Clinton jumped on this appeasement train and with a strong whiff of Chamberlain’s infamous “peace in our time” speech, saying the agreement brought “an end to the threat of nuclear proliferation on the Korean Peninsula.” For this profound failure, in which the North admitted in 2002 they had violated from the first day, Carter was thusly awarded the Nobel Peace Prize — a once relished prize that is now a progressive political farce.
George W. Bush’s appeasement
President Bush rightly identified North Korea as part of the “Axis of Evil” in 2002, which included Iran, Iraq and Libya — all of whom were tyrannies pursuing nuclear weapons. Bush recognized the growing threat, but in the end 9/11 forced his eyes off North Korea and on the Jihadist threat to the United States. Not altogether wrong, perhaps, but the result was kicking the nuclear can down the road.
Bush’s policies began to look like Clinton’s previous appeasements. His administration negotiated another Agreed Framework, in hopes of stopping North Korea’s nuclear weapons pursuit by lifting some sanctions, releasing some North Korean money in return for the North stopping its uranium enrichment and allowing inspections.
In essence, real stuff in return for a piece of paper.
Just like the Munich agreement with Hitler and the future Iranian agreement on nuclear weapons, this would turn out be be a piece of paper better used as a coloring pad for the children.
Part of the reason it was worthless was because the tyranny never intended to abide by it, while the other part is that the major powers who could enforce it had no will to do so.
So the North reneged, but Bush focused on Afghanistan and Iraq and ended up releasing money to them while not requiring inspections. Total appeasement.
Barack Obama’s appeasement
The Obama administration was content to appease and look the other way on North Korea as they were focused on committing the unforced error of repeating Munich and Pyongyang with Tehran — negotiate with killer tyrants and rely on their goodwill and a piece of paper.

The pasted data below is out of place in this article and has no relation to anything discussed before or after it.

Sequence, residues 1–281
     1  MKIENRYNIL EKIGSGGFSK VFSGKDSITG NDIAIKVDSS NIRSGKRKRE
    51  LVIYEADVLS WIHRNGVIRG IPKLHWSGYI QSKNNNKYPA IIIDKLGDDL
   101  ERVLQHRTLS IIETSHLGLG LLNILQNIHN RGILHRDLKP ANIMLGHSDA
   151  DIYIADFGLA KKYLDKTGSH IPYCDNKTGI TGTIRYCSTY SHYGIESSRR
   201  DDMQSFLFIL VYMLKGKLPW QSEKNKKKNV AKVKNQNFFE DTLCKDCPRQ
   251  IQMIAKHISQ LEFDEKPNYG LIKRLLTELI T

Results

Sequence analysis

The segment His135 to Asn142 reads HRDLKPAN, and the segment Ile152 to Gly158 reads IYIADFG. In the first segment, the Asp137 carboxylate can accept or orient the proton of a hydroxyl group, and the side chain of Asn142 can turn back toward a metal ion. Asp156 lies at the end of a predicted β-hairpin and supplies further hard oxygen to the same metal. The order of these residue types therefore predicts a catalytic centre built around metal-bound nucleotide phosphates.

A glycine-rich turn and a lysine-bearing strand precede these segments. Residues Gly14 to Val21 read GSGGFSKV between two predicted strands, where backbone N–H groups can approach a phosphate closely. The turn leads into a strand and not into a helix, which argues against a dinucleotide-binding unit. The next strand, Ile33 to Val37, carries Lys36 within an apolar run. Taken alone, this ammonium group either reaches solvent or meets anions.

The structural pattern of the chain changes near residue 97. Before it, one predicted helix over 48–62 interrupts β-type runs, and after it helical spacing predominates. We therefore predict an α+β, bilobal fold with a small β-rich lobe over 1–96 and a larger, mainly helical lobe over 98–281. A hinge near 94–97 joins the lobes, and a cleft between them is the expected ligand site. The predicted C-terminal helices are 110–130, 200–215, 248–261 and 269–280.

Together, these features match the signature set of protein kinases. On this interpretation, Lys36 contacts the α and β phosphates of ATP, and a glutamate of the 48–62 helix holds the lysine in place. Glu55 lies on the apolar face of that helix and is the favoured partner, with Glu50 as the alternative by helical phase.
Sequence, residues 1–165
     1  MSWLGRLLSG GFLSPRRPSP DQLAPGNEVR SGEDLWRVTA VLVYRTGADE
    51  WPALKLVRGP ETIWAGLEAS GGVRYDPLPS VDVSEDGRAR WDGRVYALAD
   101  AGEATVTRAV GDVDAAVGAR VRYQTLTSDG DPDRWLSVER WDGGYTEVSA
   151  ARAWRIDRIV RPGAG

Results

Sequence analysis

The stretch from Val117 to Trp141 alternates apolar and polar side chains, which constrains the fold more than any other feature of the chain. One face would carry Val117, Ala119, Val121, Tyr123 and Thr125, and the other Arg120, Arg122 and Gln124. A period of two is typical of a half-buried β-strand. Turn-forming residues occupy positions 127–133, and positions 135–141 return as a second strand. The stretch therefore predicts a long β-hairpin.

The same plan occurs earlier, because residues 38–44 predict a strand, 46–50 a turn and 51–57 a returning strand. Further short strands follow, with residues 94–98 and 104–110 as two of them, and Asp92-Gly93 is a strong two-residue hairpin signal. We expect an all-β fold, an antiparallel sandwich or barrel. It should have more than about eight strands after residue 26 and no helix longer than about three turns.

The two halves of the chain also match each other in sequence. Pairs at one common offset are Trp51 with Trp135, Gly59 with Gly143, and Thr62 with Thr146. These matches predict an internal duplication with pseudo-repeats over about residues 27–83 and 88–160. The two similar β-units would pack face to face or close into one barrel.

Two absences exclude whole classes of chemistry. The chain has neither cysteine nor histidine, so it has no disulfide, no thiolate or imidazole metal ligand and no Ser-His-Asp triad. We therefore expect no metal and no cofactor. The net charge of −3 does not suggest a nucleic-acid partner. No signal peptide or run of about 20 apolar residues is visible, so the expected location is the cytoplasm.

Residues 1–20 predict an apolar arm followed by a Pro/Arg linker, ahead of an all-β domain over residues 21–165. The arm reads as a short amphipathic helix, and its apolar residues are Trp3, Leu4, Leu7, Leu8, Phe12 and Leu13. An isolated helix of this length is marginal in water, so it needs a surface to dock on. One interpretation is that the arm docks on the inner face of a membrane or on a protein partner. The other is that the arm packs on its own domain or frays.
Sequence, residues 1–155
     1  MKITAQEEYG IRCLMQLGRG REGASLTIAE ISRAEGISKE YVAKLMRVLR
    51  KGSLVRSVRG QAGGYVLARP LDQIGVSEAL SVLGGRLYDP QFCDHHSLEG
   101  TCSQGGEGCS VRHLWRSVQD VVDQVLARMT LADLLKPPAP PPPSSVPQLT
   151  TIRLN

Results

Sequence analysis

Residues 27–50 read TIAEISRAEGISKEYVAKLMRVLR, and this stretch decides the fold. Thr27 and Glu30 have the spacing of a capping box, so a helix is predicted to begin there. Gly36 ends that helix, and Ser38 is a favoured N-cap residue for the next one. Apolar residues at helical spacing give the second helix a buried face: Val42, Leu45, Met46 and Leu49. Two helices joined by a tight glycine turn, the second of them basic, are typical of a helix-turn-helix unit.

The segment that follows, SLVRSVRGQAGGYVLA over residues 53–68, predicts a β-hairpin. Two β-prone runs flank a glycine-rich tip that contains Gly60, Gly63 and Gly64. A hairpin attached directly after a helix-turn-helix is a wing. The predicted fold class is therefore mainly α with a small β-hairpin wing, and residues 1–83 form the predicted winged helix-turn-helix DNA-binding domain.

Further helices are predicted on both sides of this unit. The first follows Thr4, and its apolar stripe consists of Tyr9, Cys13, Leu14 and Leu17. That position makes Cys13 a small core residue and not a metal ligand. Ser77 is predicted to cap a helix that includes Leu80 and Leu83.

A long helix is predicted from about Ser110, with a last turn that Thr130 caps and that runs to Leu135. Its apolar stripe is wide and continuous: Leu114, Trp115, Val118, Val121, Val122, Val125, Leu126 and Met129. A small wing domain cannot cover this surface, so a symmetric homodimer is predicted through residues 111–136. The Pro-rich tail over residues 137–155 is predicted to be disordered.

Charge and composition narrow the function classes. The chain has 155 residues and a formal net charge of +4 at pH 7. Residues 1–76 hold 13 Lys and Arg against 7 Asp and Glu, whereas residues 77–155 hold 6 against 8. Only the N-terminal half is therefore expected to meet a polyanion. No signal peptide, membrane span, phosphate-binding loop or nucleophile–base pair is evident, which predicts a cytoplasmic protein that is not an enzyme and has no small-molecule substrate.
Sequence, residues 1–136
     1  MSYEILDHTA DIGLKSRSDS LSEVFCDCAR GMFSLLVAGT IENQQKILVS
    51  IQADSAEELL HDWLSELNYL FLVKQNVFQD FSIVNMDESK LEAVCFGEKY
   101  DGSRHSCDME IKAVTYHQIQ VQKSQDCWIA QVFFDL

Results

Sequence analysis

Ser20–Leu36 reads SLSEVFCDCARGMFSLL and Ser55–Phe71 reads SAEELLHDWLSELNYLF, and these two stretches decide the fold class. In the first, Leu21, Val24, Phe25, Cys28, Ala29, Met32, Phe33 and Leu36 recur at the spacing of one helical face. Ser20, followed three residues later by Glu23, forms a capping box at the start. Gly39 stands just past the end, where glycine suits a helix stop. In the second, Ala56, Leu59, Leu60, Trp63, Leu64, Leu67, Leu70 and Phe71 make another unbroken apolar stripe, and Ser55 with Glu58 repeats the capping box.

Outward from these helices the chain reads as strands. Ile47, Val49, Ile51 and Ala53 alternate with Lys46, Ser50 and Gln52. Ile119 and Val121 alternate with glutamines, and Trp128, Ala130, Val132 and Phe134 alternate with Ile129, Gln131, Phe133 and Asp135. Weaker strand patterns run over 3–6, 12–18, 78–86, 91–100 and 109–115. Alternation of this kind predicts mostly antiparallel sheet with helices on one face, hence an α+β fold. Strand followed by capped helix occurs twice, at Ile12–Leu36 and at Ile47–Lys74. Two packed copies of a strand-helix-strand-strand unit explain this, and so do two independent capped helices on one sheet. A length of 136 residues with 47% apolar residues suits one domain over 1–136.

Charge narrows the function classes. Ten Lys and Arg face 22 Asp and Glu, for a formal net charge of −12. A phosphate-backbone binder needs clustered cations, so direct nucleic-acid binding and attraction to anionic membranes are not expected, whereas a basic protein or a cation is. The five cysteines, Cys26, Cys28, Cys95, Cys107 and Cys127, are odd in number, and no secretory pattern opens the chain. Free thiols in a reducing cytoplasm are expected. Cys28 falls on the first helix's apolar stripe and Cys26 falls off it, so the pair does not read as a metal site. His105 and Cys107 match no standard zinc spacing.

In an interesting denial of reality, the Obama administration said it will “never accept” a nuclear North Korea — even though the North detonated a nuclear weapon in 2006, during the last year of Bush’s presidency.
Of course, Obama said precisely the same thing about Iran, then sent John Kerry to negotiate a deal with ayatollahs guaranteeing they will become nuclear.
Obama is, if possible, a more feckless version of the Baldwin, Chamberlain, Clinton line of appeasers as he sought out an opportunity to do it with Iran right when that nation was buckling under international sanctions. They were losing, sanctions were working, and Obama plucked them out and turned them into what will inevitably be much wealthier members of the nuclear club of tyrants.
The world has had sanctions of varying degrees on North Korea for years. They have given a lifeline by China. Relieving sanctions and providing aid is always the carrot to get good behavior on nukes. There is never a stick.
As the North was starving its people, the Obama administration agreed in 2012 to bail them out with 240,000 tons of food in exchange for nuclear concessions. Well, you know by now what happened. They got enough relief to placate their people and maintain their grip, and conceded nothing — this also being a cautionary tale of how sometimes humanitarian efforts for tyrannical regimes can cause more suffering in the long run, including for the people the efforts are aimed at.
Completely predictable and the third president failing at appeasement.
The bill for appeasement is coming due
This is the context in which President Trump enters office, with all the theoretically responsible countries of the West and elsewhere hopelessly trying to ignore the growing threat of North Korea. Maybe it’ll go away. Maybe it will magically solve itself. Maybe…and here’s the reality…the United States will do something.
The North probably has dozens of nuclear weapons and increasingly sophisticated delivery systems in the form of missiles. They are making more all the time. Truly reaching the United States with missiles seems unlikely. But the North can obviously reach South Korea, and Japan is just a few miles away.
No one was willing to stop Hitler when it would have been relatively easy to do so. No one was willing to stop North Korea when it would have been relatively cheaper in cost — even with the proximity of China.
Now, maybe, someone is willing. But at what cost? And who will be willing to look back at the Clintons, Bushes and Obamas and lay the blame where it belongs, like we rightly do Baldwin and Chamberlain?
And will we ever, ever learn?
EDITORS NOTE: This column originally appeared in The Revolutionary Act.